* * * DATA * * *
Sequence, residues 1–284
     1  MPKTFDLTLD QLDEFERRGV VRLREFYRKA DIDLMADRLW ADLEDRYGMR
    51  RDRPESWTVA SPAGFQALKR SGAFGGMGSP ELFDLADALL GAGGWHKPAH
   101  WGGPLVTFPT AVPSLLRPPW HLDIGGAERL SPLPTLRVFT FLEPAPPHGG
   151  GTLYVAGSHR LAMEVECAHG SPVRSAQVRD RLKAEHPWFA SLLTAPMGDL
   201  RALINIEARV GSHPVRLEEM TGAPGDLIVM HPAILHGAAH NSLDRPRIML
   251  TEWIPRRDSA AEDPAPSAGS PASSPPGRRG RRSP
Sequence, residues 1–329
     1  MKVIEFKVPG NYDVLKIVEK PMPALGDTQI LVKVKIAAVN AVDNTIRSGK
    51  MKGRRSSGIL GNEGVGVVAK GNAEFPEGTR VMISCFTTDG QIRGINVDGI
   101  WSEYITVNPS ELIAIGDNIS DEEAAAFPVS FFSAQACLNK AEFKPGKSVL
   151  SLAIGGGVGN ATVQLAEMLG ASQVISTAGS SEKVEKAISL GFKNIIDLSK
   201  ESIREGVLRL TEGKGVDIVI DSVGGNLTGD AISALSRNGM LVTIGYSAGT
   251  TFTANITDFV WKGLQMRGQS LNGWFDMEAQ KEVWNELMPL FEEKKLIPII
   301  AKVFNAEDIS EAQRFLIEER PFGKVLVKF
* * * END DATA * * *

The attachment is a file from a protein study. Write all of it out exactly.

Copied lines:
Sequence, residues 1–284
     1  MPKTFDLTLD QLDEFERRGV VRLREFYRKA DIDLMADRLW ADLEDRYGMR
    51  RDRPESWTVA SPAGFQALKR SGAFGGMGSP ELFDLADALL GAGGWHKPAH
   101  WGGPLVTFPT AVPSLLRPPW HLDIGGAERL SPLPTLRVFT FLEPAPPHGG
   151  GTLYVAGSHR LAMEVECAHG SPVRSAQVRD RLKAEHPWFA SLLTAPMGDL
   201  RALINIEARV GSHPVRLEEM TGAPGDLIVM HPAILHGAAH NSLDRPRIML
   251  TEWIPRRDSA AEDPAPSAGS PASSPPGRRG RRSP
Sequence, residues 1–329
     1  MKVIEFKVPG NYDVLKIVEK PMPALGDTQI LVKVKIAAVN AVDNTIRSGK
    51  MKGRRSSGIL GNEGVGVVAK GNAEFPEGTR VMISCFTTDG QIRGINVDGI
   101  WSEYITVNPS ELIAIGDNIS DEEAAAFPVS FFSAQACLNK AEFKPGKSVL
   151  SLAIGGGVGN ATVQLAEMLG ASQVISTAGS SEKVEKAISL GFKNIIDLSK
   201  ESIREGVLRL TEGKGVDIVI DSVGGNLTGD AISALSRNGM LVTIGYSAGT
   251  TFTANITDFV WKGLQMRGQS LNGWFDMEAQ KEVWNELMPL FEEKKLIPII
   301  AKVFNAEDIS EAQRFLIEER PFGKVLVKF